Executive Toughness: The Mental-Training Program to Increase Your Leadership Performance


Executive Toughness: The Mental-Training Program to Increase Your Leadership Performance

  • By Ian Bradley
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Jason Selk

There is a considerable literature on goal attainment with multiple books providing tips on how to stay focused, measure progress and even celebrate achievement. I will not provide the reader with yet another creative decoding of the SMART acronym. However, in Executive Toughness not much text is devoted to these concepts.

I thought of this paradox, as I read Jason Selk’s book on executive toughness and remembered my first day on the job some thirty years ago as the newly installed Chief Psychologist of a major hospital in Montreal. I remember being struck by the enormity and barrenness of my new office that contained nothing offer than a large desk with a solitary phone. Although I had passed a rigorous selection process to get this job, I really had no clue about what a chief psychologist actually did.

I secretly hoped that that phone would on day ring and someone would tell me what to do.

Here’s what Selk says about that process:

… most of us spend our life waiting; waiting for the next big idea; waiting for a promotion, the next reorg, never realizing the importance of deciding what it is we need to do ourselves to achieve our goals… we must define your own win.”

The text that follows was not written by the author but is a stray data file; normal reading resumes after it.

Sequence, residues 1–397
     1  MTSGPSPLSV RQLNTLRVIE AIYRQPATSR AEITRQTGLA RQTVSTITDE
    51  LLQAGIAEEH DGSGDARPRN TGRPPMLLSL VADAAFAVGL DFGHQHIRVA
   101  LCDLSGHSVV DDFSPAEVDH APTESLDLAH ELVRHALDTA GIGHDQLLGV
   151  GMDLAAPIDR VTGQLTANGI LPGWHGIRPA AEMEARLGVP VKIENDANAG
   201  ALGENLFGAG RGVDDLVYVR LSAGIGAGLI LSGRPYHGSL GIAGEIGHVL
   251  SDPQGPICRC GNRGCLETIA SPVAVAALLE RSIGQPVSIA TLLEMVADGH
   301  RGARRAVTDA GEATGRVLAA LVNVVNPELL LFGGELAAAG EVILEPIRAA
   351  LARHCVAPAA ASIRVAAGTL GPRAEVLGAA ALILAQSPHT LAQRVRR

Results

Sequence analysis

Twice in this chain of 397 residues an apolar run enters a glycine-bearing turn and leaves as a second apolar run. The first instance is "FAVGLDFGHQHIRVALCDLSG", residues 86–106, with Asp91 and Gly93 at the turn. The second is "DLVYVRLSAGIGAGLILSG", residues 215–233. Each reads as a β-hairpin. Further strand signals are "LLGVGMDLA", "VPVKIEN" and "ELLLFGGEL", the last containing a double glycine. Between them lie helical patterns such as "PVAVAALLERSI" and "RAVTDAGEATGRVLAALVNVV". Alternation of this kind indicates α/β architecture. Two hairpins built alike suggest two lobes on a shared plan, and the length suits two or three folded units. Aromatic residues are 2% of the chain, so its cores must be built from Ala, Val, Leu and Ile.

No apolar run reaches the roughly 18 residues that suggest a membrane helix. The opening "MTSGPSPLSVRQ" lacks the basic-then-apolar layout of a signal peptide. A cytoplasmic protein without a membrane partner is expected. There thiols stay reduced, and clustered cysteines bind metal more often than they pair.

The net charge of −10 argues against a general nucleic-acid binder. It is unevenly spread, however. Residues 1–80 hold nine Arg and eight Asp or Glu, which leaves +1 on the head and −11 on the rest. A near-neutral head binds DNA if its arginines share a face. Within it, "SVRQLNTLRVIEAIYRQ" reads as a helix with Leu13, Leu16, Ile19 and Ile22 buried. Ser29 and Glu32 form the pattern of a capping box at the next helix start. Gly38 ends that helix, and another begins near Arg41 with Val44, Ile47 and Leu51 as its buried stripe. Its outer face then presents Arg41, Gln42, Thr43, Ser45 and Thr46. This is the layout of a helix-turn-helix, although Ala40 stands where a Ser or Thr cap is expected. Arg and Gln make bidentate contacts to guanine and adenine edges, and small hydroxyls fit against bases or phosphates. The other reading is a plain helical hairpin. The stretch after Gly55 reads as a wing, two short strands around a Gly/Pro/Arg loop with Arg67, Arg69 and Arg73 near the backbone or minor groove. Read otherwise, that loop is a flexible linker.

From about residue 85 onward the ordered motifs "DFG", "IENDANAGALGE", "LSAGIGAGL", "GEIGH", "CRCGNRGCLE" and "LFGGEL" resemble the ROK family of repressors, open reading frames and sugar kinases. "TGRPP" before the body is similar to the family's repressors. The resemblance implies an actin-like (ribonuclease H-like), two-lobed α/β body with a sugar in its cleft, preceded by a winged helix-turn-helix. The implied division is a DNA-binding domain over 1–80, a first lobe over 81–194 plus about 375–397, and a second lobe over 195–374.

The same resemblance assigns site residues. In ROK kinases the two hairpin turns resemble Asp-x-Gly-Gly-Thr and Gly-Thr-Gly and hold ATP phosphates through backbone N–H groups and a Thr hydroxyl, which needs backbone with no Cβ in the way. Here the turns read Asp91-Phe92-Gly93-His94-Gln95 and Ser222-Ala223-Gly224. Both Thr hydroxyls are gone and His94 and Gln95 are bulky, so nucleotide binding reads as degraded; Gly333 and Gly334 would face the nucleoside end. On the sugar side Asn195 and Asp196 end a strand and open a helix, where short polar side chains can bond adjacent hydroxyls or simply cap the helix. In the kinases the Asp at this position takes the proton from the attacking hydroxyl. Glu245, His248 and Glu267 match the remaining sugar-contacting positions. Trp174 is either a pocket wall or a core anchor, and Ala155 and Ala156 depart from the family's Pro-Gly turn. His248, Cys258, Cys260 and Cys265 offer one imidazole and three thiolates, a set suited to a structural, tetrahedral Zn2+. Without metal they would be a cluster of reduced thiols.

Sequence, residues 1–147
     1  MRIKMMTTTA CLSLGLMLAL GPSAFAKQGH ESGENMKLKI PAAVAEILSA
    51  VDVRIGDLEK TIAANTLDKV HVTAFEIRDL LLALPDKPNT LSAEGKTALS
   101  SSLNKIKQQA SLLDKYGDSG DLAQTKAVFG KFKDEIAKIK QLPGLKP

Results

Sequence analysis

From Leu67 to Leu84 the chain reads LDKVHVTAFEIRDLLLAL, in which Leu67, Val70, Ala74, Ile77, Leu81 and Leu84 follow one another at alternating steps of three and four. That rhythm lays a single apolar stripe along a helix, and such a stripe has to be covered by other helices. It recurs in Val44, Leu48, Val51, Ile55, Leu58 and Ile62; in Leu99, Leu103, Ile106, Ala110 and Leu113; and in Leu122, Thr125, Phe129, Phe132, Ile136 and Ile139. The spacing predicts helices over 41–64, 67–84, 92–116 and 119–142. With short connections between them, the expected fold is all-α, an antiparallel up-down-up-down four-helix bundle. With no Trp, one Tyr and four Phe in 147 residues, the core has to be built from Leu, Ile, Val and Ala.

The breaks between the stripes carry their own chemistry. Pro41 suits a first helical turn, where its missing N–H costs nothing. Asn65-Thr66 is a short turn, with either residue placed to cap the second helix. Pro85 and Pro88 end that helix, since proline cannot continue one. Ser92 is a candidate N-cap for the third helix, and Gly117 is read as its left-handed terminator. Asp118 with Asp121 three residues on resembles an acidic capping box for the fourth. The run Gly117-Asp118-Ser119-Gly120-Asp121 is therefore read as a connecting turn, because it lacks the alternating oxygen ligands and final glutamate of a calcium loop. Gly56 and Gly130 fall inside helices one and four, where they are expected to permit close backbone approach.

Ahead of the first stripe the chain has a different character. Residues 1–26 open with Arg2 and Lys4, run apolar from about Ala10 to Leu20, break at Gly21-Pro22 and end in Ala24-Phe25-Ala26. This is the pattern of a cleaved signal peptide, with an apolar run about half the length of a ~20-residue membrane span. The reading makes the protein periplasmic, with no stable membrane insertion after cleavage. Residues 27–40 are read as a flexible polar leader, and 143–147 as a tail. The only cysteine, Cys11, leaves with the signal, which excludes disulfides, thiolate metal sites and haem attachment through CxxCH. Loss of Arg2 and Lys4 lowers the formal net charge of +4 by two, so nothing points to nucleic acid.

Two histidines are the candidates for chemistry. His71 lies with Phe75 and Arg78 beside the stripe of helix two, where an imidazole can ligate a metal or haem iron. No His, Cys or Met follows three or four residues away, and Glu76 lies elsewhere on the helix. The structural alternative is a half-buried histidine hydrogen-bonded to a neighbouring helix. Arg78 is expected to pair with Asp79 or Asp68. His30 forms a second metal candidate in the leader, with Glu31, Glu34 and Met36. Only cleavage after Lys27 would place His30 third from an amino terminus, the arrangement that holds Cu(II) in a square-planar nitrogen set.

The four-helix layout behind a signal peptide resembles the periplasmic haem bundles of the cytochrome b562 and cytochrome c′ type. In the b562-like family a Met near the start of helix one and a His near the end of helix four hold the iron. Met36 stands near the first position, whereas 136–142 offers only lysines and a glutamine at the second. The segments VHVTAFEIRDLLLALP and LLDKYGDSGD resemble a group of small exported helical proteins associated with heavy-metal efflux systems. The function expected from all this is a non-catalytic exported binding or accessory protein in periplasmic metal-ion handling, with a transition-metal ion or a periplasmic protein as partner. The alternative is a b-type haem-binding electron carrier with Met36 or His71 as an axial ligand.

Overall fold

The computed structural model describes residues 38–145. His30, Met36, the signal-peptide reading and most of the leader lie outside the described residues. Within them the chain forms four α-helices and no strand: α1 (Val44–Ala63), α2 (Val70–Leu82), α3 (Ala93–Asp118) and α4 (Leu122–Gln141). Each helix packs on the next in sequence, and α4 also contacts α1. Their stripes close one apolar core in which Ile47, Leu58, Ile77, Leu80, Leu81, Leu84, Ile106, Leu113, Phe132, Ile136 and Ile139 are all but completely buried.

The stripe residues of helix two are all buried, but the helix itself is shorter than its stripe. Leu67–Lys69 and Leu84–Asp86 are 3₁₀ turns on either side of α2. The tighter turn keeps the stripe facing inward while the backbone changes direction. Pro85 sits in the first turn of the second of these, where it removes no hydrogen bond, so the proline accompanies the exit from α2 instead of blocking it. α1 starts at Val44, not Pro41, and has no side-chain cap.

Besides helping me establish my own goals, I could have benefited from Selk’s book because after defining my goals I would have formally written them down and reviewed my progress to their attainment on a regular basis- activities that are major determinants of goal success. Along the way, I would have also learned about the importance of defining process versus outcome goals since both are necessary for success. Knowing what you want without knowing how to get there, doesn’t really help that much.

Recognizing that the first step is always the hardest, Selk counsels readers to begin with an intermediate goal. If you want to make ten cold calls today then start with a goal of three and then let the resulting momentum carry you forward to the last seven.

I’m not sure that this book will make executives emotionally tougher, but if toughness flows from successful accomplishments, then this book is a great start.

It deserves a spot on your bookshelf.